We have a random number generator which is supposed to generate 64 bit floats, uniformly.

We want to test whether it is a good uniformly random.

I am not asking the general way to test it, as it was asked here https://stackoverflow.com/questions/22916519/test-the-randomness-of-a-black-box-that-outputs-random-64-bit-floats.

As I understand, the first step for the test is to somehow divide the whole range into equal sizes like bins, then we keep generating and see the number of "balls" falling into each bin.

My question is about this first step.

How should I split the whole range of 64 bits float?

The range is between -1.79769313486231571e+308 and 1.79769313486231571e+308 and it is huge.

My idea is to utilise the 64 bits. Can I design the equal size bins like this:

  1. Every float has 64 bits, so we have 64 bins.
  2. For every float generated, we read all those bits, if a bit is 1, then we increased the according bin's number by 1
  3. After N samplings, the expected number of each bin should be N/2.
  4. Then we carry on pearson's chi-square test, etc.

2 Answers 2


As it stands, this is not a good way to test whether floating point numbers are uniformly distributed. Like Aksakal, I wondered about whether the bits of the exponent part of the floating point representation would be uniformly distributed. The answer to this is that they aren't uniformly distributed, because there are very many more numbers with large exponents than there are numbers with small exponents.

I wrote a small test program that confirms this. It generates $N = 1 \text{ million}$ uniformly distributed random floating point numbers, and as a control, $N$ random integers. (There were various problems generating 64 bit floating point numbers, see e.g. here, and 32 bits seems sufficient for demonstration purposes.)

First, the control case. The plot of the bins of bits for integers is just as you suggested, with each bin $\approx N/2$. enter image description here

Now for the floating point numbers. A plot of the sorted numbers is a straight line, indicating that they would pass the Kolmogorov–Smirnov test for uniformity. enter image description here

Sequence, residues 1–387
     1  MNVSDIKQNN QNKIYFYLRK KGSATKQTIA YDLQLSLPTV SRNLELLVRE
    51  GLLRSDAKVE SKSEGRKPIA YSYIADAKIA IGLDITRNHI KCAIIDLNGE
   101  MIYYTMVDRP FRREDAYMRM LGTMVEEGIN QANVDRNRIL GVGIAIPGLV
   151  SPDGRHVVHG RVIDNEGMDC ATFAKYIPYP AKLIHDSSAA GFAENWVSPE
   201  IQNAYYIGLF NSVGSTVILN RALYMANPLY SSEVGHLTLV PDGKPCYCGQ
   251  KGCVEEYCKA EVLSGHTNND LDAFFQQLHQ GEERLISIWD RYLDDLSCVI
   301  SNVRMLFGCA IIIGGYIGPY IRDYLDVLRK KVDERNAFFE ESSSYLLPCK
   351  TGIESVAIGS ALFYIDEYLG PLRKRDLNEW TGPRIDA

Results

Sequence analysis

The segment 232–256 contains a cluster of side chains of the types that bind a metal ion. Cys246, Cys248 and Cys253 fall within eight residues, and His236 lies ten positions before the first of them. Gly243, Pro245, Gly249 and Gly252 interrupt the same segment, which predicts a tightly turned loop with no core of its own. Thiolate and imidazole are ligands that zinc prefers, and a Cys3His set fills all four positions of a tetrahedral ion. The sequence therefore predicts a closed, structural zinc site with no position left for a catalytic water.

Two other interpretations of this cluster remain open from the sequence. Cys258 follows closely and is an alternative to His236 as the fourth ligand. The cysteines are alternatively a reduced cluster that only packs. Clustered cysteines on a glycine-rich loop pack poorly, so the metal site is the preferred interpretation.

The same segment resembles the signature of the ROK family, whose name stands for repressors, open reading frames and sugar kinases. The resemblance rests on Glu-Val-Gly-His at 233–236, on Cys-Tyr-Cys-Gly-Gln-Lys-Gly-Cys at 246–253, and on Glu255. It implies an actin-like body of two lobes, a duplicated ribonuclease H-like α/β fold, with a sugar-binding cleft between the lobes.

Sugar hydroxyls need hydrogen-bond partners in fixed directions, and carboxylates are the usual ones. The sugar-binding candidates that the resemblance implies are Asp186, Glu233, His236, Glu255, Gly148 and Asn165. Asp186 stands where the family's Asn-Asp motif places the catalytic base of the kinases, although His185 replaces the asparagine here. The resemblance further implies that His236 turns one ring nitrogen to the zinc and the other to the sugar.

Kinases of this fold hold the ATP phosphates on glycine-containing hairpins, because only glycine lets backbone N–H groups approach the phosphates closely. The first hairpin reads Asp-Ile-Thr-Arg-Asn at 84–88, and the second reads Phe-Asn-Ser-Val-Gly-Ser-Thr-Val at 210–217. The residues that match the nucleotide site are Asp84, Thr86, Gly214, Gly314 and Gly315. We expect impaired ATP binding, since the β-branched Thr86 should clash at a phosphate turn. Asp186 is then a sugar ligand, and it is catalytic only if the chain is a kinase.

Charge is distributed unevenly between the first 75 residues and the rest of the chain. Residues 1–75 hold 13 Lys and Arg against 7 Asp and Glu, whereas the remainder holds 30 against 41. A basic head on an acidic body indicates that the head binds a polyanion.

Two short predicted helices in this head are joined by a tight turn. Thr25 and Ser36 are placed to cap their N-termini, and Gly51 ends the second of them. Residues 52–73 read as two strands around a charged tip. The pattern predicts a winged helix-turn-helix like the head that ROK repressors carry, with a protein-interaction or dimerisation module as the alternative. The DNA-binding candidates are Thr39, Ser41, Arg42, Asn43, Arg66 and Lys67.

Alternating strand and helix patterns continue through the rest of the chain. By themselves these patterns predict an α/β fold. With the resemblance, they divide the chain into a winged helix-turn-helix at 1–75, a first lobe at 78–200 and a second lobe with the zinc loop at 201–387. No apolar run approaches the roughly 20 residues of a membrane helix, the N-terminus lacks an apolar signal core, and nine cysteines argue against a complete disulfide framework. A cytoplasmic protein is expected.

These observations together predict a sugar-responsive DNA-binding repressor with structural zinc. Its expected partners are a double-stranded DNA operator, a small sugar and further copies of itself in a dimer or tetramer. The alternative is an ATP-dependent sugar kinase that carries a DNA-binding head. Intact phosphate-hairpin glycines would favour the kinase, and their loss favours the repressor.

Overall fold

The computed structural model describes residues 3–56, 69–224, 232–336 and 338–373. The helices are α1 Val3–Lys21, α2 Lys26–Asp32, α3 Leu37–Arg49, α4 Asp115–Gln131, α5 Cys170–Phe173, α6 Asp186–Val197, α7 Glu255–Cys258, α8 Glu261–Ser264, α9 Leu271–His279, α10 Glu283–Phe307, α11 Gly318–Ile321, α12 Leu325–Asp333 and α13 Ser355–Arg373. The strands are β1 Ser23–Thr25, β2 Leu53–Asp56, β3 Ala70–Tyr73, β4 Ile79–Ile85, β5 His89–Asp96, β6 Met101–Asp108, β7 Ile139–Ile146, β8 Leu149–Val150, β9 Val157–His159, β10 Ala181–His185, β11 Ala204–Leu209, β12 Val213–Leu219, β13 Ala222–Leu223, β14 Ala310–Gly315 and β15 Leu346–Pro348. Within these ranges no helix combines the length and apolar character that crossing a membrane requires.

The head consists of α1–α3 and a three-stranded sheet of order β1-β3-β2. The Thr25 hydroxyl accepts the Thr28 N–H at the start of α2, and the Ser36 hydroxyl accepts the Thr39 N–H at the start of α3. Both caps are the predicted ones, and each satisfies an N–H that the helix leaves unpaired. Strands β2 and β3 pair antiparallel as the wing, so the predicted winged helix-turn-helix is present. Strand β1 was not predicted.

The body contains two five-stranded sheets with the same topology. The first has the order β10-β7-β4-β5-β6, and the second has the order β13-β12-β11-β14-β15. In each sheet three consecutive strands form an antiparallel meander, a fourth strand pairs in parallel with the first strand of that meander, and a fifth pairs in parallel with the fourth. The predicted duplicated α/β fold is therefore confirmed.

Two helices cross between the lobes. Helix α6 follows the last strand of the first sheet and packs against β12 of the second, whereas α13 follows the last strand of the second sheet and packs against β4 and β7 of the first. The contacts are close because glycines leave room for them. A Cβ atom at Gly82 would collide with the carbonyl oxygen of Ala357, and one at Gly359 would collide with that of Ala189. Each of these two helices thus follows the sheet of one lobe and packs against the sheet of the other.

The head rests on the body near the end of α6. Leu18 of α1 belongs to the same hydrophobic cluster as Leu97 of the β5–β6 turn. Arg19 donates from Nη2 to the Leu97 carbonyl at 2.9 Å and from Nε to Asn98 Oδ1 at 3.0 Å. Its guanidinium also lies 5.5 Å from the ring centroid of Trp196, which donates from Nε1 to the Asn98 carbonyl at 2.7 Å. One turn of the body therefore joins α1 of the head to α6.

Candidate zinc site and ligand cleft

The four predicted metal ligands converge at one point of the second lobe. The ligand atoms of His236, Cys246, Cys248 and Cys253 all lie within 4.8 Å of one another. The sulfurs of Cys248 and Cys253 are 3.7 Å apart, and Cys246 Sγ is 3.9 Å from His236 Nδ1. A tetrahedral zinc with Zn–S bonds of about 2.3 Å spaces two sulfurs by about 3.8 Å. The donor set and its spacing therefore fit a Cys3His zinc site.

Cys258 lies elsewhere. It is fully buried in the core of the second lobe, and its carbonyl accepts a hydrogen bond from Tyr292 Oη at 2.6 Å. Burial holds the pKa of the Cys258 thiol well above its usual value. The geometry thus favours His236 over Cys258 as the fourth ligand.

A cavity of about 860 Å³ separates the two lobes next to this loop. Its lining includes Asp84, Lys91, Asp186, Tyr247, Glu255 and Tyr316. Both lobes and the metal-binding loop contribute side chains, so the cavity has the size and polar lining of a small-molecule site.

But the bins are definitely not uniform. enter image description here

If you plot only bins 1 to 23 together with bin 32, you do get bins $\approx N/2$, but bins 24 to 31 show a clear increasing pattern. These bits corresponds precisely with the bits for the exponent in 32 bit floating point numbers. The IEEE single precision floating point definition stipulates

  • the least significant 23 bits are for the mantissa
  • the next 8 bits are for the exponent
  • the most significant bit is for the sign

Another way to see this is to consider a simpler example. Think about generating numbers in base 10 between 0 and $10^7$, with a base 10 exponent. Numbers between 0 and 1 would have an exponent of 0. Numbers between 1 and 10 would have an exponent of 1, numbers between 10 and 100 an exponent of 2, ..., and numbers between $10^6$ and $10^7$ an exponent of 7. The numbers $10^4$ to $10^7$ are $(10^7-10^4)/10^7=99.9\%$ of the range and in binary their exponents range from 001 to 111, so you'd expect the most significant bit to occur 99.9% of the time, not 50% of the time.

It would be possible, with some care, to use an approach like this to get the expected frequencies for each bin in the binary exponent of a floating point number, and use this in a $\chi^2$ test, but Kolmogorov–Smirnov is a better approach in theory and easy to implement. Nevertheless a test like this could pick up distributional biases in the implementation of a random number generation that Kolmogorov–Smirnov might not. For example, when I first tried generating 64 bit double precision floating point random numbers in C++, I forgot to change to a 64 bit Mersenne Twister engine. The sorted numbers give a straight line plot, but you can see from the plots of the bins of the bits that the 64 bit Mersenne Twister engine is superior to the 32 bit one (as you would expect).

enter image description here

(Note in both cases that the last bit, the sign bit, is zero, due to the difficulties of generating random numbers across the whole range.)


have you looked at A Statistical Test Suite for Random and Pseudorandom Number Generators for Cryptographic Applications by NIST?

I think it's a great place to start your analysis.

  • $\begingroup$ Hi. I understand that there are a number of ways and good ways to really test randomness. But in this question, I particularly know whether my idea is correct or not $\endgroup$ Apr 8, 2014 at 13:28
  • $\begingroup$ the reason i suggest not to make up your own tests, is that it's a tricky business. so many people are using RNGs for so long that there's got to be a test tried and proven to work, such as "Monobit" or "Frequency Test within a Block", which are suspiciously similar to what you seem to be trying to do (see the NIST suite) $\endgroup$
    – Aksakal
    Apr 8, 2014 at 13:41
  • $\begingroup$ Hi,sorry, this question is from a telephone interview for a developer position. I think they want to ask for general stats knowledge, combined with CS methods. that's why I focus on bits $\endgroup$ Apr 8, 2014 at 13:43
  • 1
    $\begingroup$ the main flaw in your idea is that 64bit float is probably represented as IEEE 754 double precision floating point number, look it up in interweb. as you'll see it has matissa (fraction) and exponent parts. my gut feeling's that your scheme will not work for this format. $\endgroup$
    – Aksakal
    Apr 8, 2014 at 13:48

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